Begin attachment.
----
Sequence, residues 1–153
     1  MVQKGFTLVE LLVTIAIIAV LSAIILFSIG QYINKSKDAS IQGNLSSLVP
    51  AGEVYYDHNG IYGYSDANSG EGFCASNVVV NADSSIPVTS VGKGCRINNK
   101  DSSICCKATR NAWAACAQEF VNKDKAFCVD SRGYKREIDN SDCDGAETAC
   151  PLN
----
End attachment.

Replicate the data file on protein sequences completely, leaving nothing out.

Sequence, residues 1–153
     1  MVQKGFTLVE LLVTIAIIAV LSAIILFSIG QYINKSKDAS IQGNLSSLVP
    51  AGEVYYDHNG IYGYSDANSG EGFCASNVVV NADSSIPVTS VGKGCRINNK
   101  DSSICCKATR NAWAACAQEF VNKDKAFCVD SRGYKREIDN SDCDGAETAC
   151  PLN